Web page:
By alertnet / Elias Ntungwe Ngalame
Cameroon’s farmers have run into trouble after unusual early rains two years in a row pushed them to begin planting ahead of time, especially in the south. The rain soon dried up, causing confusion over the farming calendar and leaving crops withering in the fields.
When the rain arrived abnormally in late January and early February, many farmers set to work planting crops like maize, beans and groundnuts, believing the growing season had begun.
But the rains then stopped, and the intense, prolonged sunshine that followed dried up the young plants, saddling farmers with big losses.
At the March launch of a national campaign to modernise Cameroon’s agriculture in the southern town of Bafia, regional farmers’ representative Clement Zambo lamented the erratic rainfall, wondering aloud why nature has been treating them so unfairly.
“We don’t know how we are going to begin work when the rain that started only last month has suddenly disappeared,” Zambo said in a speech at a ceremony attended by the agriculture minister. “We don’t know what will become of our crop yields this year. Mr. Minister, please, we need rain.”
He appealed to the government to reduce the price of fertiliser, agricultural chemicals and seeds to encourage farmers to produce more.
Annual rainfall varies across Cameroon, with some southern areas among the wettest places in the region. But the dry season, which normally runs from October to April, generally brings sunny, dusty conditions across most parts of the country with almost no rain.
This month, some farmers were reluctant to start planting even when the rains began, because they felt unsure whether they would continue as normal, or stop again.
Climate scientists say it is too early to know what is behind the atypical rain pattern. 'These early February rains are out of the norms based on our experience, but studies are still ongoing as to the cause,” said Wassouni Amadou, a climate expert at Cameroon’s ministry of environment and nature protection.
Some believe there a may be a link with high rates of deforestation in the country, but that has yet to be proven, he added.
Another farmer from the Bafia region echoed Zambo’s fears of poor yields due to weather uncertainties. “We usually begin planting as soon as the first rain signals, and this has been the tradition, but we are surprised at what has been happening this time around,” Paul Engoz’o told Alertnet.
He said his five-hectare maize farm had dried up barely five weeks after planting in February, causing him a loss of over 200,000 Central African (CFA) francs (around $398).
"Even if the rains come again, we are not sure the yields are going to be encouraging as in the past,” he added.
Expressing sympathy with their predicament, agriculture minister Essimi Menye urged the farmers to stick to the official planting calendar in future to avoid being caught out.
“Farmers are advised not to plant at the signal of early rains in the month of February, but rather to wait for the late March and early April planting calendar,” he said.
At the campaign launch, the minister’s team also provided farmers with training in local dialects on key concepts of climate change such as global warming, climate abnormalities like more intense rains and droughts, and the need to adapt to climate shifts.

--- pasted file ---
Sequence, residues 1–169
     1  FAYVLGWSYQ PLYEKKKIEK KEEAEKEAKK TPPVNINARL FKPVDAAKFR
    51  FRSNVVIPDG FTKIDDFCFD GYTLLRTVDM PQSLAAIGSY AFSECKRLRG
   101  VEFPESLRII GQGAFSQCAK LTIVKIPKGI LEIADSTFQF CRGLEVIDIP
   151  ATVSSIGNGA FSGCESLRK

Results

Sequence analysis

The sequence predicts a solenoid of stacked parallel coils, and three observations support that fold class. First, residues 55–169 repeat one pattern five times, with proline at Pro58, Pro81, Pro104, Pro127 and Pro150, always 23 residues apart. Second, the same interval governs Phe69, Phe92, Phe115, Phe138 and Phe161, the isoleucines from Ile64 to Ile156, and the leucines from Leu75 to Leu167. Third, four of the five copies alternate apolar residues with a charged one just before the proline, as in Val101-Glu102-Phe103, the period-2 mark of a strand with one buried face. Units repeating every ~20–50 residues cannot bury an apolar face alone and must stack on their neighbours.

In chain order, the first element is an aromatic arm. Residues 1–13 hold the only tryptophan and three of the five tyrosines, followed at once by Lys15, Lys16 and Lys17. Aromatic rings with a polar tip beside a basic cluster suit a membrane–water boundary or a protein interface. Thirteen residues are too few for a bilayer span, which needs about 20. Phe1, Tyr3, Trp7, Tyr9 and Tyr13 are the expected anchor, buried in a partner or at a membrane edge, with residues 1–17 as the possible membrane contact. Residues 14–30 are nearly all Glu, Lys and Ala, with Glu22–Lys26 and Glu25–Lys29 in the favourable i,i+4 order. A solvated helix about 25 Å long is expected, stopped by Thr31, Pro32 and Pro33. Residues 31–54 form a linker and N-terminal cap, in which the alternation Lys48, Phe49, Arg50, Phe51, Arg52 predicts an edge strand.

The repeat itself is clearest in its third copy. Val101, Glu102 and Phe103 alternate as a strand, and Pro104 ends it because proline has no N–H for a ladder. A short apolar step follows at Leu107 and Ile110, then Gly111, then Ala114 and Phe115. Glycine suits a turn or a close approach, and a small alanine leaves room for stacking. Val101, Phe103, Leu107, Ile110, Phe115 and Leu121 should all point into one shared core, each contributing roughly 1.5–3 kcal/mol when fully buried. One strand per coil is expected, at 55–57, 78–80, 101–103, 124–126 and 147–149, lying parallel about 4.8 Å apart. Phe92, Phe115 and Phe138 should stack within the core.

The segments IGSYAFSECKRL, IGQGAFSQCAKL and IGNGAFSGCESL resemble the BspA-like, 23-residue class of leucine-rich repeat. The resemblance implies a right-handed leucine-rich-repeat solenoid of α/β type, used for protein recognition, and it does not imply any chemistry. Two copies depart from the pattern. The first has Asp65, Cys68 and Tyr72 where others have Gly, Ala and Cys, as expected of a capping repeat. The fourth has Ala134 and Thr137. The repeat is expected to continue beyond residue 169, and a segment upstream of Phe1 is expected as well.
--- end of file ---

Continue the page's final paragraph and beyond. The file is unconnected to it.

Whatever the reason for the early bursts of rain in the past two years, there is no doubt they are confusing the production calendar and harming the production of most crops.
“This is a result of climate change, and unfortunately our farmers have been victim to this abnormality, incurring heavy losses,” said Dangobert Djakou, chief of situation analysis and agriculture policy in the ministry of agriculture and rural development.
When the rain does come, it tends to be more intense than usual, triggering the spread of plant diseases such as black root among cocoa, and blight on vegetables and the leaves of other food crops such as potatoes, cocoyam and tomatoes, Djakou said.
It has also washed out the mostly earth roads used by farmers and merchants to transport goods to market.
As a result, both farmers and merchants have seen their incomes drop sharply, and have hiked the sale price of their products to make up for it. Falling food production in many areas has also increased the need for imports to fill the gap, Djakou added.
Cameroon spent more than 500 billion CFA francs (close to $1 billion) in 2011 on imports of rice, flour, fish and other food commodities, according to the minister.
Given that agriculture contributes over 40 percent of Cameroon’s gross domestic product (GDP), the government will step up efforts to support farmers and boost production, he said.
This year, it plans to encourage mechanised agriculture by distributing tractors to farmer groups across the country, supported by the establishment of a tractor assembly plant near Ebolowa in the south.
Twelve groups in Bafia have received 36 tractors between them, as well as several tonnes of farm tools and inputs. The materials include truckloads of fertiliser, wheelbarrows, hoes, watering cans and spades.
The minister emphasised that Cameroon’s agricultural sector needs to modernise, because it is a major pillar of the national economy.
"Agriculture should be seen as a business, as agribusiness - that is why we want it to be mechanised to encourage large-scale and quality production," he said.